Russell Korobkin, one of ArbiClaims’ arbitrators and vice dean at the UCLA School of Law, said the online system is user friendly and fills a void in the world of dispute resolution.
“It uses technology to do exactly what people are already doing but more efficient and more conveniently,” said Korobkin.
Kane, 37, was sole founder of ArbiClaims, but earlier this year took on John Boese, the startup’s chief technology officer, as a partner. Prior to launching the business, Kane worked at various legal practices and was one of the first sales hires at Lex Machina, which provides law firms and business with legal analytics intended to help them win cases and close deals.
ArbiClaims claims to have streamlined a process that faces what Korobkin called big hurdles: The system is time-consuming and complicated, and judges often have only a few minutes to review facts before making a ruling. Even though these suits typically involve smaller amounts of money, the legal and factual issues of the case can be complex.
Still, even its arbitrators have limited time to hear evidence on both sides and make a thoughtful decision.
“Both small claims court and ArbiClaims have a model that assumes that the arbitrator will be able to decide the case and give the parties a satisfactory hearing, and accomplish both these things with only 15 minutes of a hearing,” said Korobkin.
What’s more, while ArbiClaims might be attractive for a plaintiff, there’s not much incentive for a defendant to comply, he said, making it harder to drum up business.
There is an opening, however, in targeting situations where there is a preexisting contract or user agreement requiring the use of arbitration in the event of a dispute.
That’s why Kane’s working to build partnerships with companies that deal with a high volume of complaints.
Some referring partners, he said, get a referral fee for sending business if they are not a party to the litigation.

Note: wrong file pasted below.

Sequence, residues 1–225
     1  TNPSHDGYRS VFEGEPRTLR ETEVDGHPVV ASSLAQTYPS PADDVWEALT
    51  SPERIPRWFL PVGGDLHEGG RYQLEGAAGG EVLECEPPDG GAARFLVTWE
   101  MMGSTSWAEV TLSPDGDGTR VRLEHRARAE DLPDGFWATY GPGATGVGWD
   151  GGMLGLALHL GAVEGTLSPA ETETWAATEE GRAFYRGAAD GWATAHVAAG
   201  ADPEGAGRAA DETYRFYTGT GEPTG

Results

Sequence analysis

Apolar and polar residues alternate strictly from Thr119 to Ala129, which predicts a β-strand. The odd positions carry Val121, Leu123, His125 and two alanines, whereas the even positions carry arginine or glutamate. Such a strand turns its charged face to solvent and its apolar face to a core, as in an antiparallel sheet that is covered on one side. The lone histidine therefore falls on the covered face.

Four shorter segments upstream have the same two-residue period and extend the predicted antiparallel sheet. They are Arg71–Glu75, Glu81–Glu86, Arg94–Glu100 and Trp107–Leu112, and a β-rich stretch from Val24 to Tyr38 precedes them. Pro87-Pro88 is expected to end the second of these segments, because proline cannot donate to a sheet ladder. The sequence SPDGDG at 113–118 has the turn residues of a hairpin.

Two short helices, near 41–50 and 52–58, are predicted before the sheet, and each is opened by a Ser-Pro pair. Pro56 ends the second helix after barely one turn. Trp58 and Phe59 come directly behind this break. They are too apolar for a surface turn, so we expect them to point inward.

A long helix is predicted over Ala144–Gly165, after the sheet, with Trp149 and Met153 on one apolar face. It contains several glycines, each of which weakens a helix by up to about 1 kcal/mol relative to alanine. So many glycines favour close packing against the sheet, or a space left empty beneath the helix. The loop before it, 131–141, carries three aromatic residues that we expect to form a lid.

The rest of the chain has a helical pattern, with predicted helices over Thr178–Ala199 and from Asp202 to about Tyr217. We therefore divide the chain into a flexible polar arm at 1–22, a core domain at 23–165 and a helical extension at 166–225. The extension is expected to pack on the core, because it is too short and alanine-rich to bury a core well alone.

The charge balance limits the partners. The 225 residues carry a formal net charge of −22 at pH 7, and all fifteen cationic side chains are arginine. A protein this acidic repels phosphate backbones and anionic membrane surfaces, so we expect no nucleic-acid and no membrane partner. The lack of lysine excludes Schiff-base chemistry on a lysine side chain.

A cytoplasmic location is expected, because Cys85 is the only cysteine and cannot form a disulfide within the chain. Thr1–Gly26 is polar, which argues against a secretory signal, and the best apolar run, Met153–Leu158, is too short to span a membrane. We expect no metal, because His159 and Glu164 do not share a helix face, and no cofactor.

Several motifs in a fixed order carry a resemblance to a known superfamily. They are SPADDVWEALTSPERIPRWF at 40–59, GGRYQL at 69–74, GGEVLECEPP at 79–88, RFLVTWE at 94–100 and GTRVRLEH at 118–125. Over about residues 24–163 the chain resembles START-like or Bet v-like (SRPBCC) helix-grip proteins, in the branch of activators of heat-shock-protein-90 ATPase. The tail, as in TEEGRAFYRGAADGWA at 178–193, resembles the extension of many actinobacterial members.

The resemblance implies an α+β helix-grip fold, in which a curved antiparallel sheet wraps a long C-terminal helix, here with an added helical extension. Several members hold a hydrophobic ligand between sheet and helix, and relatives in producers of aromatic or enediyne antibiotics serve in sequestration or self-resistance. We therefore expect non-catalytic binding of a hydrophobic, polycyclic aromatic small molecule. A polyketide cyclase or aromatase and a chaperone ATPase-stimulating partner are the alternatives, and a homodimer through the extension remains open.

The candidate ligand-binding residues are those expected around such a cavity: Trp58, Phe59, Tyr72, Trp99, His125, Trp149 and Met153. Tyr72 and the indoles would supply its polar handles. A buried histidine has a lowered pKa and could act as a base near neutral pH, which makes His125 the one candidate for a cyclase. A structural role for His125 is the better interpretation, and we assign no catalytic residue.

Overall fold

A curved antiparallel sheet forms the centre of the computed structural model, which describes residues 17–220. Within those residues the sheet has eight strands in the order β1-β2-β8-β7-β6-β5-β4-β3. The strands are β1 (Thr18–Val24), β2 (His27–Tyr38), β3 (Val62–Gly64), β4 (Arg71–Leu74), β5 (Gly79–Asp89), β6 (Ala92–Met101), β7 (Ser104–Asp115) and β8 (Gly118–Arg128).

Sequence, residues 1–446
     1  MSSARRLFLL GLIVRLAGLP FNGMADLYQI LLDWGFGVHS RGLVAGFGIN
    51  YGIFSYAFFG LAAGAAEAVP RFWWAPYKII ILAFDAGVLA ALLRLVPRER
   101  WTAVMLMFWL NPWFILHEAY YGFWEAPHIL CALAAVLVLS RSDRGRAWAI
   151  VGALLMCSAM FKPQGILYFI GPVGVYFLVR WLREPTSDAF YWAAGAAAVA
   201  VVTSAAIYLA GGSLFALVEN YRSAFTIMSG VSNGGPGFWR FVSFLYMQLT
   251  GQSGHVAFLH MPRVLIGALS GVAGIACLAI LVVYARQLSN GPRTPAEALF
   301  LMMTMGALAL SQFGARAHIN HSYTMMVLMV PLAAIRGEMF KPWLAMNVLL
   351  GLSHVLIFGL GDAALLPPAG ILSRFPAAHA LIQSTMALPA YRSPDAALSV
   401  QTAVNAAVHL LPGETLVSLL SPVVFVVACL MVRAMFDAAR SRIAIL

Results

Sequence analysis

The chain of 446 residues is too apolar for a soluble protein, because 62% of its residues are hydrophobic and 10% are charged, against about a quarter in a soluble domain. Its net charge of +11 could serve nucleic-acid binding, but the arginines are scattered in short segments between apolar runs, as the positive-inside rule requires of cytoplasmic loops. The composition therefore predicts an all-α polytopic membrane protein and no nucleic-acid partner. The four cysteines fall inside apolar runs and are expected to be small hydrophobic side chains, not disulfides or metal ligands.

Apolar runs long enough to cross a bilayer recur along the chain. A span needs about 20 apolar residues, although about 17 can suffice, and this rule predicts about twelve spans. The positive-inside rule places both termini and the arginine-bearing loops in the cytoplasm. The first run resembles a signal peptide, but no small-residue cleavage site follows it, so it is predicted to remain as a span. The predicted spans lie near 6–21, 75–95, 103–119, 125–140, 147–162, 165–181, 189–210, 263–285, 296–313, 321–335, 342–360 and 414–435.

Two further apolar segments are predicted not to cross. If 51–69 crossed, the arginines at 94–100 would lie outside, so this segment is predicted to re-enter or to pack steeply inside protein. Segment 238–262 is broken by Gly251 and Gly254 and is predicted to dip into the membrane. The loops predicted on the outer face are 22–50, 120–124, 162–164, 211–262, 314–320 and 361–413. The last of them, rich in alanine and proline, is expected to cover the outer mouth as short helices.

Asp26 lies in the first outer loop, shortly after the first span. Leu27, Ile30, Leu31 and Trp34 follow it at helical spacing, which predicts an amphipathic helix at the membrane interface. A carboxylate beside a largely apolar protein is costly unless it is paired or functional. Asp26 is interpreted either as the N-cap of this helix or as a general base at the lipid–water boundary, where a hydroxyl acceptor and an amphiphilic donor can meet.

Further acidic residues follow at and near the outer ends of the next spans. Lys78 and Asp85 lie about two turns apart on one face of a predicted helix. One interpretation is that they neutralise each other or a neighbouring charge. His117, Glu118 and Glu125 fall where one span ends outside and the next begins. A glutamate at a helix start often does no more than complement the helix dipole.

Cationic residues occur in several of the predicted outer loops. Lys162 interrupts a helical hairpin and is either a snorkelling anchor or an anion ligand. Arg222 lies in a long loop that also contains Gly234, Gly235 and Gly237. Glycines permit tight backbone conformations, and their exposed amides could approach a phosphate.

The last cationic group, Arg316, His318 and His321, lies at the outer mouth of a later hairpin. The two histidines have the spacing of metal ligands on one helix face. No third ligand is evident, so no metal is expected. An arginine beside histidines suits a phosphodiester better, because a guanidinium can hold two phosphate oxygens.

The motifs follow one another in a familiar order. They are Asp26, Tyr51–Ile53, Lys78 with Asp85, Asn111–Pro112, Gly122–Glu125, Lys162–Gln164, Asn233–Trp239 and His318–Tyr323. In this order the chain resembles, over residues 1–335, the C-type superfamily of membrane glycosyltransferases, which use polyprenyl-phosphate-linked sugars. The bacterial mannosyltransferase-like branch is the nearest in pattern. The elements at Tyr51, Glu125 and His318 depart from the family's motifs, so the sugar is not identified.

Among his clients is the Better Business Bureau’s office serving Los Angeles and Silicon Valley, which handles about 68,000 consumer complaints a year in California, pouring in from Palo Alto to Long Beach. In September, the nonprofit announced it would refer unresolved customer complaints against businesses not accredited by the bureau to the ArbiClaims site.
“The Better Business Bureau offers free arbitrations to accredited businesses and customers but not for unaccredited ones,” said Steve McFarland, chief executive of the regional BBB office.
The nonprofit expects to refer about 15 to 20 consumers a month. Although companies will be under no obligation to participate, most businesses will want to resolve their claims in order to maintain their reputations, according to the bureau.
Recently, there’s been a growing number of innovative efforts to build online dispute resolution tools, and they’re much needed, said Gillian Hadfield, a professor of law and economics at USC.
“There’s tremendous demand for mechanisms to help people deal with disputes,” said Hadfield. “Much of our legal systems is really out of reach for most people.”
Small claims is supposed to be the exception to that rule, but many people still find it time-consuming and dispiriting, she said.